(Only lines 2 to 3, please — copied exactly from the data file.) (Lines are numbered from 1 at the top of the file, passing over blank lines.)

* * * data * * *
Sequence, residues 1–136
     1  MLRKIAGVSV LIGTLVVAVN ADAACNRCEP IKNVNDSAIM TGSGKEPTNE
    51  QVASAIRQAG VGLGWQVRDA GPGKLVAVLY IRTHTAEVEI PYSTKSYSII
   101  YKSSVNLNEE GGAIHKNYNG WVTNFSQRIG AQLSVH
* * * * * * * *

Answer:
     1  MLRKIAGVSV LIGTLVVAVN ADAACNRCEP IKNVNDSAIM TGSGKEPTNE
    51  QVASAIRQAG VGLGWQVRDA GPGKLVAVLY IRTHTAEVEI PYSTKSYSII